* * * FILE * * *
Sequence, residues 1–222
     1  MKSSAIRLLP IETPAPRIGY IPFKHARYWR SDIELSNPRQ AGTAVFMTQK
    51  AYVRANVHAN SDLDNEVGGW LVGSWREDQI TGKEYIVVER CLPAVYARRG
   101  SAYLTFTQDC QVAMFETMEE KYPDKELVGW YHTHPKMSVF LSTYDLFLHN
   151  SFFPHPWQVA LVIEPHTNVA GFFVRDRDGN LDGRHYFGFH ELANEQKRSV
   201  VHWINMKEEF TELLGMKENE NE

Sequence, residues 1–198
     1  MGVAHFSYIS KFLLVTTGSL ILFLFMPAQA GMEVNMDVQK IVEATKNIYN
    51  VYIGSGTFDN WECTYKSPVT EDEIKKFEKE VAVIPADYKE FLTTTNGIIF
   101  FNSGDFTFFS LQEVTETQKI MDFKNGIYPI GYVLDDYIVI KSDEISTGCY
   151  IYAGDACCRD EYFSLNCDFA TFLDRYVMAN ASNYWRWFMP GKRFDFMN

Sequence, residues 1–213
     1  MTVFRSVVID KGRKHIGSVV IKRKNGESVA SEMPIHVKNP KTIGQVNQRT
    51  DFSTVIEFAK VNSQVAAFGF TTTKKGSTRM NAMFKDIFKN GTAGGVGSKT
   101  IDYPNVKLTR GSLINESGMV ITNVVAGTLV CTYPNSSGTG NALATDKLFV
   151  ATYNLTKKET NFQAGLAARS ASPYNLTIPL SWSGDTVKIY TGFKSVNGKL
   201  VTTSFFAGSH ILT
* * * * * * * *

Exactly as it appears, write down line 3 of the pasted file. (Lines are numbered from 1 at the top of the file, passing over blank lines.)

    51  AYVRANVHAN SDLDNEVGGW LVGSWREDQI TGKEYIVVER CLPAVYARRG